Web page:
By Cynthia Kadohata
London: Minerva, Octopus Publishing Group, 1989.
ISBN # 0-7493-9048-4
Comments of Bob Corbett
This gentle meditative novel tells the story of the Fujiitano family of Japanese-Americans from the time of World War II until about the early 1960s. The only daughter in this family of four children, Olivia, tells the story and does so with great sensitivity and genuineness.
However, this is not the full story of the Fujiitanos in any normal sense of telling a story. Olivia’s memories are quite selective, as though she is remembering for herself and ignoring the things that didn’t interest her and just recounting “the meaningful things.” It reads like such a private reflection.
I was as fascinated by what ISN’T here in the novel as what is here. Throughout most of the novel she never even mentions World War II and its impact on her family. Admittedly she would have been only a very young child, but surely the topic would have been discussed. In the entire novel there aren’t more than 5 sentences which relate to that traumatic period in the lives of Japanese-Americans, and only very late in the last few pages does she mention in passing that her father had been arrested during the war. However, we also hear, again, just in passing, that another of their Japanese friends went to college on the G.I. Bill. Yet the family lived in California at the time of the war, where the greatest impact on Japanese-Americans was felt.
In a similar fashion we never learn just how old Olivia is (nor anyone else in the family). I was able to get a sense of the time from a few references here and there. They moved from California to Arkansas when Olivia was 12 years old and shortly after, but its not clear if it is one to three-four years later, they do have television in their new home in Arkansas. In her mid to late teens we learn that she does listen to Chuck Berry, so I could get some idea of the time period.
These silences fascinated me. The jacket cover says this is a novel about the Japanese- American experience in the first generation of immigrants. I think it is not at all, but a novel that deals with that first generation experience of virtually all immigrants and abstracts a great deal from the Japanese-ness of the Fujiitano family and concentrates on what life is like for those first and second generation folks in the United States in the 1940 and 50s.
The title, The Floating World, refers to the world of unstable employment of the family in Olivia’s youngest days. Her parents and to a lesser extent, her grandmother who lives with them, are migrant workers, or at least workers who move from place to place. However, after Olivia’s 12th year they do settle out of the “floating world” and into the working class in Gibson, Arkansas where her father has purchased half interest in a garage. The concentration of her reports from this period, however, do not focus on her father, nor her stay-at-home mother, but on the rest of the Japanese community of Gibson which works at the local chicken hatchery, most of them as sexers. Olivia herself gets a part-time job there as a student, and then works there full-time, presumably after she finishes high school, but this is unclear, as an inoculator.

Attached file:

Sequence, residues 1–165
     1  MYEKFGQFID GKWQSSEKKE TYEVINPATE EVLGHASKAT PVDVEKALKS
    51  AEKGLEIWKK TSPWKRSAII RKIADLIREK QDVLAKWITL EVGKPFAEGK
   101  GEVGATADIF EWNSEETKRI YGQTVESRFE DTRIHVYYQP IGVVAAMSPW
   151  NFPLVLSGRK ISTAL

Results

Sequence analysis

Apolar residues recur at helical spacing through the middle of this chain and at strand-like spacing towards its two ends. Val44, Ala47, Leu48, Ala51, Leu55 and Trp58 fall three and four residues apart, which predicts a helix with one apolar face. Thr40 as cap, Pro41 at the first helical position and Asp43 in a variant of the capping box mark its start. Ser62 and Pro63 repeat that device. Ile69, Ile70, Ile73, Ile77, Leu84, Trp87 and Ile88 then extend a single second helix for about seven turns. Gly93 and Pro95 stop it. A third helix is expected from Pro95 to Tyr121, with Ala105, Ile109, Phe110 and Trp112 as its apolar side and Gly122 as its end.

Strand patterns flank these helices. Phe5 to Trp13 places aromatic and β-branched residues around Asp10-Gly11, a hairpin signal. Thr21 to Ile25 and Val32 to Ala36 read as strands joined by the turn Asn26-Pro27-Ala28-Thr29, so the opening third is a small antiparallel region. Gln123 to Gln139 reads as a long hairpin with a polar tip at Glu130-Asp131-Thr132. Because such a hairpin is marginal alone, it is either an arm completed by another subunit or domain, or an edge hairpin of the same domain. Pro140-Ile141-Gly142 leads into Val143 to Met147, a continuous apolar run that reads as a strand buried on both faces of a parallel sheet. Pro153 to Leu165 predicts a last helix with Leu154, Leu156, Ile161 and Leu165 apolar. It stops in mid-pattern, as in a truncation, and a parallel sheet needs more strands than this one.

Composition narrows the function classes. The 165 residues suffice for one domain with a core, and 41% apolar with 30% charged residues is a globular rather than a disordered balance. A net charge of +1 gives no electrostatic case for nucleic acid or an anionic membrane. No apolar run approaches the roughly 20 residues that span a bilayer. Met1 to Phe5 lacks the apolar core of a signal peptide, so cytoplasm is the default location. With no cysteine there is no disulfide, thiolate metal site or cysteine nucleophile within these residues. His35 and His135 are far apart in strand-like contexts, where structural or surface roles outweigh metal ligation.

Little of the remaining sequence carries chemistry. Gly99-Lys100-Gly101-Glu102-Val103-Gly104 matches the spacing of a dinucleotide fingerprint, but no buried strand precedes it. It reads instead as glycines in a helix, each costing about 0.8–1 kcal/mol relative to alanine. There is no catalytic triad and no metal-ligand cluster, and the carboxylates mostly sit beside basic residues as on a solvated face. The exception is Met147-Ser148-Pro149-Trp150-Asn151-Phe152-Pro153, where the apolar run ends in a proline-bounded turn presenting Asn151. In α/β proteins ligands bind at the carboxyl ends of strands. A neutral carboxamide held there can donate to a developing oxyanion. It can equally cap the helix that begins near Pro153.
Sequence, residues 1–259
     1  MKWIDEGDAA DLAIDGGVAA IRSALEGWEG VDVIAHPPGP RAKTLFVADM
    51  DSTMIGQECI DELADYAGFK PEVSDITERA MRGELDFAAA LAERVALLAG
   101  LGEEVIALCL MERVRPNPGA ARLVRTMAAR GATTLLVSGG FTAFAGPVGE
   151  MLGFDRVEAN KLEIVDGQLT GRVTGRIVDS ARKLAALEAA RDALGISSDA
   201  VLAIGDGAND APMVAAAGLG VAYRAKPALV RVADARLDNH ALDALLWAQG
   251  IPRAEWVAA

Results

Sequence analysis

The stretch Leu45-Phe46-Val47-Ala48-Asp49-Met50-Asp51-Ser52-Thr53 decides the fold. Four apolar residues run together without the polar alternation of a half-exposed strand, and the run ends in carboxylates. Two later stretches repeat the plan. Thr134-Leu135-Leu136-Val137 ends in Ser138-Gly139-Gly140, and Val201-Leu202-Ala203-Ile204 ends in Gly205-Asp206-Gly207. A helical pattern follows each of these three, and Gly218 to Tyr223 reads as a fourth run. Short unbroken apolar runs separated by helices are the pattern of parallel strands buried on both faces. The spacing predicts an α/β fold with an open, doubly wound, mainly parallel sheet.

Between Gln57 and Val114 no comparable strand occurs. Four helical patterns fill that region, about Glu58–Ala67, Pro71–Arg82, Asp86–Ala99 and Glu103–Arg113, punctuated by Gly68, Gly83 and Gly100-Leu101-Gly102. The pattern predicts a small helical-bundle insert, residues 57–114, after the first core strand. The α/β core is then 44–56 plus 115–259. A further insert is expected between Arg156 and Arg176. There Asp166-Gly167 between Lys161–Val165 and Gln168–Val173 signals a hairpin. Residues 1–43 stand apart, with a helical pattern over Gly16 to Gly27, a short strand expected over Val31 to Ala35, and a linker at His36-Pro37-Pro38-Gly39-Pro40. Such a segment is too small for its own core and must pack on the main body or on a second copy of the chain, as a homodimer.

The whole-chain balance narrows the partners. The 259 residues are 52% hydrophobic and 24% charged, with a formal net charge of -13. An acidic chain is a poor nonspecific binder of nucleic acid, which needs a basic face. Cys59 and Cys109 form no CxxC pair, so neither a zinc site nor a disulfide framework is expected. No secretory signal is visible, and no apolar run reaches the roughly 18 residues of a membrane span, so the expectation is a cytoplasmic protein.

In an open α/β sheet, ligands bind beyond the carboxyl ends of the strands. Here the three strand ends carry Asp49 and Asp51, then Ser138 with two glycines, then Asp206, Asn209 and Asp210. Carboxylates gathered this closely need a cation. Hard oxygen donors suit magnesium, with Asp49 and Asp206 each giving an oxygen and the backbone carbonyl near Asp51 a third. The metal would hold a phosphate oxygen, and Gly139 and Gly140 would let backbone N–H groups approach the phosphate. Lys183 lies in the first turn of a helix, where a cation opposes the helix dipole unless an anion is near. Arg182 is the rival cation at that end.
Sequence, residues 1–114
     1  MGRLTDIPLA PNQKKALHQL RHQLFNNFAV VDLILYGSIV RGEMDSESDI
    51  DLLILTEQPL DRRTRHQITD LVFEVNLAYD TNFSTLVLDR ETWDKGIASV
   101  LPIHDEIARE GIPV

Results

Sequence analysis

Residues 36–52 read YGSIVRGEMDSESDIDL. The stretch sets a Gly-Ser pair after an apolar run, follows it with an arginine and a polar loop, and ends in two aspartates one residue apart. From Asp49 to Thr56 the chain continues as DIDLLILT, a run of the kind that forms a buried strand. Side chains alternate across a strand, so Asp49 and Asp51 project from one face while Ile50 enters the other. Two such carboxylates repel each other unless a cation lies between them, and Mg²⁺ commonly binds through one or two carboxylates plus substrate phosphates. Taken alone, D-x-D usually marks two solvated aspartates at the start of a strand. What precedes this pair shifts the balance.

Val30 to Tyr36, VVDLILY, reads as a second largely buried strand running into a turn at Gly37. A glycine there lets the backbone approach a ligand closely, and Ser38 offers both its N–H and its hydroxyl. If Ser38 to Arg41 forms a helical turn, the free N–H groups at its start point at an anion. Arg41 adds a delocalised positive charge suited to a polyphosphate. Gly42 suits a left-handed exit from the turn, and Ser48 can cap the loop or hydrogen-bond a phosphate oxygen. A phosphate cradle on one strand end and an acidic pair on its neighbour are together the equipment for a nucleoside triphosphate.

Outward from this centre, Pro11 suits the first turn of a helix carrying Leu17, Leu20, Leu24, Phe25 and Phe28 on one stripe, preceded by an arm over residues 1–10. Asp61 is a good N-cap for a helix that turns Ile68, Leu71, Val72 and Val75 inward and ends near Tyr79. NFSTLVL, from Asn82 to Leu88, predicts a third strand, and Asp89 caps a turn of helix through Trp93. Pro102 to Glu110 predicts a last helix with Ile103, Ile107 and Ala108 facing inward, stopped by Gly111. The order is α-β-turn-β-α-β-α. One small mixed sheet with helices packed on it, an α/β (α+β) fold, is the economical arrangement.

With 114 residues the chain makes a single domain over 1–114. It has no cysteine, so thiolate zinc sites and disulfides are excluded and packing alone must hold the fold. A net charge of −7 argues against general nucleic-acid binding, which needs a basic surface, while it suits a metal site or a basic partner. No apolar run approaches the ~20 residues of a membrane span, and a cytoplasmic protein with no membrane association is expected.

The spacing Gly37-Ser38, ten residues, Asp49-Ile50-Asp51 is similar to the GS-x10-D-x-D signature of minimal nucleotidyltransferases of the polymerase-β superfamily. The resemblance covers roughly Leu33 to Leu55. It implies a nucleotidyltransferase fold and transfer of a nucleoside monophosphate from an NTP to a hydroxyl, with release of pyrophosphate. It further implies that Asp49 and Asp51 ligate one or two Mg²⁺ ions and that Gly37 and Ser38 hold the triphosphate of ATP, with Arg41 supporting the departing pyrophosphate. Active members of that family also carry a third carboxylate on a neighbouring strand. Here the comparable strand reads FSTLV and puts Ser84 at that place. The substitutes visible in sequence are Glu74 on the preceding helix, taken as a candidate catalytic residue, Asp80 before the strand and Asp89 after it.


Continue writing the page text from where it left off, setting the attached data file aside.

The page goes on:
None of the sexers every came to work late, and none of them at the hatchery were I worked had missed a day for the past year. Toshi hadn’t missed a day in five years, and some years she didn’t get a vacation. These people seemed unreal to me. One of them told me he hated the work so much when he started that he often felt he was being choked – he literally felt hands around his neck. That man hadn’t missed a day in three years, someone told me. I couldn’t believe how rough and tense they all were. Yet I liked them, and I wanted them to like me.
Later she continues:
Sometimes the sexers, Tan, and I stayed overnight at the hatchery. The sexers worked seventeen hours, slept five, worked seventeen. My hours were not so bad, so I got more sleep. All the sexers had jobs at other hatcheries, and they often worked as long as thirty or forty hours in a row at their various hatcheries. They took Dexedrine to stay awake and to help them drive from one hatchery to another.
In Gibson her story focuses mainly on the chicken hatchery and her on teen age love life.
The character of Olivia’s grandmother dominates in the novel even though she dies before they leave California, still very early in the novel. However, she was a powerful person and had a major impact on shaping Olivia’s person. She never ceases to talk and think of her grandmother, and her own role in her grandmother’s death, in which she didn’t call her parents when her grandmother was immobilized on the bath room floor.
Cynthia Kadohata transported me into the world of the Fugiitano family. She brought alive the bits and pieces of life that she choose to reveal and what I saw was interesting, though in no way startling or unordinary. Here were simple people, living their daily lives of work and struggle, and we watch a young woman come of age. There were no great complications or plot twists, it was like a selective video of someone’s life, a bit like family movies or photos. I didn’t learn a great deal, nor was I challenged to think a lot, but it was a soft and pleasant experience. Cynthia Kadohata writes well and reveals beautifully what she chooses selectively to share.Bob Corbett email@example.com
Bob Corbett firstname.lastname@example.org